On a more positive note, last Thursday my bookgroup got together for our green meal to discuss our green book, Wicked.
First the food, since good food and drink always loosens the tongue. (I am amazed when people tell me they have book groups where there isn't food or alcohol--Whhhaaaaa?)
We started off with Lea's cheesy warm artichoke dip.
Garlicy, gooey, yum, yum, more.Then we loaded our plates with Sarah's spinach pasta with pesto, Marilyn's salad with avocado and asparagus and bread flecked with (green) rosemary.
Then we moved to the table and had Jen's beautiful asparagus soup. Jen has long claimed that she can't cook which we now all realize was just a confidence issue. The soup was excellent--velvety, warm and comforting on a chilly damp day.
And to wash it down, those of us not on powerful antibiotics (sigh) drank a good deal of wine (in a green bottle, of course).
And now, the book. There were a number of expressions of frustration about the book. I think we all agreed that the first half, from childhood until Elphaba finishes college was very compelling and that after that the book lost focus. The second half didn't measure up to the promise of the first half, in part because the most interesting relationship in the book is between Elphaba and Galinda and Galinda hardly makes an appearance in the second half.
I can't understand why a good editor didn't advise Maguire to limit the story to the two witches in their college days. There were so many elements, particularly in the second half, that were undeveloped, as though the author was trying to examine way too many themes, many of which he would mention and then drop. It seems to me that the contemplation of the nature of good and evil is a complex enough topic to demand complete attention, without lots of side topics to distract the reader. This left us with lots of head scratching--what the heck was the Yackel character about? She kept popping up which makes one think her appearance must be significant, but why she was there was never clear. And all the dragon references (was Elphaba supposed to be part dragon somehow, even though the book implies she is the Wizard's daughter?) were pointing towards something, but exactly what, I can't say.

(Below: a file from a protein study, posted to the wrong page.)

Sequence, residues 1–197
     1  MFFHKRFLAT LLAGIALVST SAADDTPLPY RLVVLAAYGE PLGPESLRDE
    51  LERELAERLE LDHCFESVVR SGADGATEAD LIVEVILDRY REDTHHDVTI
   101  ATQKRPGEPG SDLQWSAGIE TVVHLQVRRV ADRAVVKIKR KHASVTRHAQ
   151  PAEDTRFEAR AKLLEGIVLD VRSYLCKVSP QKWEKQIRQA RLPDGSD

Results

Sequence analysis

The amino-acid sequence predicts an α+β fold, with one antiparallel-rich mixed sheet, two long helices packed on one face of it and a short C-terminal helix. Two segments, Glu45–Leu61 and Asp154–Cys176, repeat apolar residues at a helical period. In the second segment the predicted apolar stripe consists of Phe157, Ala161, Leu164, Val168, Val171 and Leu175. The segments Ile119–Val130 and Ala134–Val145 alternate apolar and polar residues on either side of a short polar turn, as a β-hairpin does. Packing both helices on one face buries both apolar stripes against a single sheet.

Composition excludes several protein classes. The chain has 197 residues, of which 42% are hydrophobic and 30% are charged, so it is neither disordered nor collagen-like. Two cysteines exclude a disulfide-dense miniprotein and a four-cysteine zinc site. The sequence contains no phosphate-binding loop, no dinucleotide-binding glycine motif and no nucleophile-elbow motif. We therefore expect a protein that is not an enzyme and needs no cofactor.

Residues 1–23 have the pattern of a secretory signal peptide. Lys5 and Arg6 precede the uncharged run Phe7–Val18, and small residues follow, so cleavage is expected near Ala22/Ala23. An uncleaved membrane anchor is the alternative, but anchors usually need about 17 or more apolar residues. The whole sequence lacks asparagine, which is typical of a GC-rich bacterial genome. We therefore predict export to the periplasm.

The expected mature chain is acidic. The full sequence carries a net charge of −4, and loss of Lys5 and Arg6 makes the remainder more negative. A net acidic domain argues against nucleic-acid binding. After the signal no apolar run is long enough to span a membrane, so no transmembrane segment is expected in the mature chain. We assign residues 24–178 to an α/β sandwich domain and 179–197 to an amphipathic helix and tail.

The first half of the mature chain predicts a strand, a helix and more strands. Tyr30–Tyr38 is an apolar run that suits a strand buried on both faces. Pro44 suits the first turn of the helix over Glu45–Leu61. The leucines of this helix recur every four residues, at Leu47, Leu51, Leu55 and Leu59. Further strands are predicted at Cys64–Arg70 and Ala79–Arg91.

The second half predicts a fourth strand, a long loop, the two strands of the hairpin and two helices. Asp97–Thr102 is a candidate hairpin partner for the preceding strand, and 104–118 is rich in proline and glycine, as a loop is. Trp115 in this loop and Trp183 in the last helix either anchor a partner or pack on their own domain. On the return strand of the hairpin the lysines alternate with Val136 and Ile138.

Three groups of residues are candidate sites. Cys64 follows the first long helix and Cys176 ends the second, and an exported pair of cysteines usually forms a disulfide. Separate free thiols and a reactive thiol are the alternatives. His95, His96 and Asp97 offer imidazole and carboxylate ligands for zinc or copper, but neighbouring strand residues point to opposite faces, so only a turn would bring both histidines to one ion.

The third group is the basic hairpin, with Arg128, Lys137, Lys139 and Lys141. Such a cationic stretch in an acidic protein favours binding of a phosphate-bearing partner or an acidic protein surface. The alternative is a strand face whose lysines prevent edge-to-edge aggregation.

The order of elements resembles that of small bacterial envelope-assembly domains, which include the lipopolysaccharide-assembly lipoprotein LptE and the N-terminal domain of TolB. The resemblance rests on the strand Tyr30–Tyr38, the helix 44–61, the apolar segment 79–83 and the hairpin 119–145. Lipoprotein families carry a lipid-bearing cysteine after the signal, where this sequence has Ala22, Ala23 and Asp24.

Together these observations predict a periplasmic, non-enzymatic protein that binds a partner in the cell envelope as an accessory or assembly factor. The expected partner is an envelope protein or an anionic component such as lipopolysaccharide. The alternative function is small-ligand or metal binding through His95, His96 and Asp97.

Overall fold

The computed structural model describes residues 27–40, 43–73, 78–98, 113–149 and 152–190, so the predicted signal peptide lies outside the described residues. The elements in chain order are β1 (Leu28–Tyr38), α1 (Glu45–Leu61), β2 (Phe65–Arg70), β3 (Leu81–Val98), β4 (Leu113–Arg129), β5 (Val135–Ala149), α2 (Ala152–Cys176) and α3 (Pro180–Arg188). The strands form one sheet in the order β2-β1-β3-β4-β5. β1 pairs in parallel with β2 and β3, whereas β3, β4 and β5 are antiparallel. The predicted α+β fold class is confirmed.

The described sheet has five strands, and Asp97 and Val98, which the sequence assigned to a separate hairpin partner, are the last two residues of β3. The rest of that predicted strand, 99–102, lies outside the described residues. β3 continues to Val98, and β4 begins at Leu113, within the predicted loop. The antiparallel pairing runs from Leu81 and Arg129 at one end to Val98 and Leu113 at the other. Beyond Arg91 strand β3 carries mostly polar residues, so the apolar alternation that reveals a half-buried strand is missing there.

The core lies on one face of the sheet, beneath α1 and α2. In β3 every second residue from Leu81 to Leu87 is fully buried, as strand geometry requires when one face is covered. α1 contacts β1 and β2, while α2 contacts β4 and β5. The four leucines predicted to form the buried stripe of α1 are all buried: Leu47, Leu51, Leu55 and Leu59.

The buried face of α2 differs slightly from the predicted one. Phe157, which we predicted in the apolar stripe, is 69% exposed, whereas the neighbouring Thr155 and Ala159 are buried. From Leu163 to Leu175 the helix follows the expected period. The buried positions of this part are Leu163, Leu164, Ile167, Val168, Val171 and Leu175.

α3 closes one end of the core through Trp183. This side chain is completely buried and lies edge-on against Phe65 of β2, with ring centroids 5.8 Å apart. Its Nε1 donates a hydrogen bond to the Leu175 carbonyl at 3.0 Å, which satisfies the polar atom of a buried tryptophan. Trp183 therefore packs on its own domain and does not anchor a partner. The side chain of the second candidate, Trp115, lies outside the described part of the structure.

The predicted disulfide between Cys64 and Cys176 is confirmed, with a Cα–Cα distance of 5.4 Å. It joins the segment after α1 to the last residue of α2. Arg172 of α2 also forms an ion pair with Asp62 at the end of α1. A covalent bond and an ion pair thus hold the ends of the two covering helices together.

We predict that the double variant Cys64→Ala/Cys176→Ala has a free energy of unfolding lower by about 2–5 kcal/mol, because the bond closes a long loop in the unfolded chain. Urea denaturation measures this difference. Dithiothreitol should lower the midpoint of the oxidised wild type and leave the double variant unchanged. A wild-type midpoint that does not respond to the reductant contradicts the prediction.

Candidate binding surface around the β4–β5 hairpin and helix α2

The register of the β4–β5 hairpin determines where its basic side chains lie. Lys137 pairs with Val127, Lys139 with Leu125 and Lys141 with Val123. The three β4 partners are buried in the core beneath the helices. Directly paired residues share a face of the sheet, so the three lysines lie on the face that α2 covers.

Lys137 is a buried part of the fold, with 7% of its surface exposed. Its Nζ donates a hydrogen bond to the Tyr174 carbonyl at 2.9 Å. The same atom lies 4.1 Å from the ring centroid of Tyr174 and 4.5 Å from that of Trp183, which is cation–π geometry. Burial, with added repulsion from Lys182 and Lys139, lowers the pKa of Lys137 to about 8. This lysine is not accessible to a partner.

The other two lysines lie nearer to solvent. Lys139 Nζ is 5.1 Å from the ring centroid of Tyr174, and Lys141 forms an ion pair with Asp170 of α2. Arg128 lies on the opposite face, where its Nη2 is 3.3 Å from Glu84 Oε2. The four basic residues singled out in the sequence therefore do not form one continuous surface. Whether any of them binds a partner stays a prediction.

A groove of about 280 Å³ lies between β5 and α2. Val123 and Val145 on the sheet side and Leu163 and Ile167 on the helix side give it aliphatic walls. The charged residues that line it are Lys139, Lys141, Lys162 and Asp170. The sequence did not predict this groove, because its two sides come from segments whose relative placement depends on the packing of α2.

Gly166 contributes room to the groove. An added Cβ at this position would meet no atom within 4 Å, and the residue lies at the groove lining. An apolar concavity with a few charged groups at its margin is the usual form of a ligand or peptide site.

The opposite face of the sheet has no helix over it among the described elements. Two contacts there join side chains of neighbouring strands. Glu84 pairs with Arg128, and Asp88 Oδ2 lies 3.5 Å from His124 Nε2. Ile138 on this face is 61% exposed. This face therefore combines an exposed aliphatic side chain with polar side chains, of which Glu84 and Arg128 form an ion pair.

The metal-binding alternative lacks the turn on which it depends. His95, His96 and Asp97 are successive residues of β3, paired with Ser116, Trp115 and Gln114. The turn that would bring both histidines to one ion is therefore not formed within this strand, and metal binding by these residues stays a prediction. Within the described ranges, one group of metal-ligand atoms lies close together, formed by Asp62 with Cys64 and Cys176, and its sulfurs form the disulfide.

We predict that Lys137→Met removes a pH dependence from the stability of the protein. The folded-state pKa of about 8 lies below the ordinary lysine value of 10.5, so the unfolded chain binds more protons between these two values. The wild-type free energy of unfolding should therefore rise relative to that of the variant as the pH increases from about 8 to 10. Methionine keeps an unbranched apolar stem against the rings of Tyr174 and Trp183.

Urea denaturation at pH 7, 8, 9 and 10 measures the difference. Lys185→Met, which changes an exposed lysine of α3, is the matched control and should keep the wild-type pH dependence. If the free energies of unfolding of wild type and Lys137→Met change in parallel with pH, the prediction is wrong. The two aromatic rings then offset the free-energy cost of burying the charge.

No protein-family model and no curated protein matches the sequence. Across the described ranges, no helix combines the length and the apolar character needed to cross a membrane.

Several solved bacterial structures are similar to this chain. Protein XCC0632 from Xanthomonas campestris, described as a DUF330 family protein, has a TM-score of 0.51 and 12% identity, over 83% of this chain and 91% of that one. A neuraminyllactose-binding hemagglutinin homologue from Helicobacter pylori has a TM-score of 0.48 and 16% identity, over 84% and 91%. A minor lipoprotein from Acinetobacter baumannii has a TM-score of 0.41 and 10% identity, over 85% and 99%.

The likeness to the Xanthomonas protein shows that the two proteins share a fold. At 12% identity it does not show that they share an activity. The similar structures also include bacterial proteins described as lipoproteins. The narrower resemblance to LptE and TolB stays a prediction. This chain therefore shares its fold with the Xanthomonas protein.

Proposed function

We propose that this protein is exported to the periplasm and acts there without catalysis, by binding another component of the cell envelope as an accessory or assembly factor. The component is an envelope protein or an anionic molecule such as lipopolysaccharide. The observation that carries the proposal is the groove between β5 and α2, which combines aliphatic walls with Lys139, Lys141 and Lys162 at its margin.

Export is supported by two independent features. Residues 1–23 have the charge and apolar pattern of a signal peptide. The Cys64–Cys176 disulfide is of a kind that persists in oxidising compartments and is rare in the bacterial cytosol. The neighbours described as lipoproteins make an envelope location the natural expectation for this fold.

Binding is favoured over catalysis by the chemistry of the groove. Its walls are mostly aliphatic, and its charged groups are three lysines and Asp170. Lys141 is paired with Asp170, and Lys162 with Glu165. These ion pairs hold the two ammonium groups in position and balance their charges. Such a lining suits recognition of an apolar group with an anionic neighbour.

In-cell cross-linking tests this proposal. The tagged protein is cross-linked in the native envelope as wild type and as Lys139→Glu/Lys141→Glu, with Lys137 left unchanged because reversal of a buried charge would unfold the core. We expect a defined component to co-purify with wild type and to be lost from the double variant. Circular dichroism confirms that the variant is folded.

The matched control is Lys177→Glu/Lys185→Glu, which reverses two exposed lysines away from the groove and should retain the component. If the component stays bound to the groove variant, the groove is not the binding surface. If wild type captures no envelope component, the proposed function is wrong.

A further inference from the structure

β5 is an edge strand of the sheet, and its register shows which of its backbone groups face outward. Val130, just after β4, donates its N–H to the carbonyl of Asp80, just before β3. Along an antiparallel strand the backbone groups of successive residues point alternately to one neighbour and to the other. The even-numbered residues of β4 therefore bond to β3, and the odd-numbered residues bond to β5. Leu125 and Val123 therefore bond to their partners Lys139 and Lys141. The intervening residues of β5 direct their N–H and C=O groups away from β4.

So on a global examination of the book, people enjoyed reading it, but were pretty frustrated with the decisions the author made. I think that some of the pleasure was on a paragraph level--even if it had nothing to do with the trajectory of the book, there are some ideas and emotions that are really well expressed. It is just a pity that they didn't serve the plot better. We found ourselves looking up favorite lines and picking through scenes, which makes for great conversation and once again, found that a flawed book (though not a horrible book like The News From Paraguay which everyone wanted to forget as soon as possible) can yield an excellent discussion.
Jen, in one of her moments of dry wit, drew our attention to the following sentence which is about Elphaba and her group of friends at college.
"Perhaps every accidental cluster of people has a short period of grace, in between the initial shyness and prejudice on the one hand and eventual repugnance and betrayal on the other." (p.146)
We all looked at each other. Our book group has been together now for almost 6 years--are we on the brink of repugnance and betrayal? Thank god, no! So we poured another glass of wine, ate some pie and relaxed into the comfort of each other's company.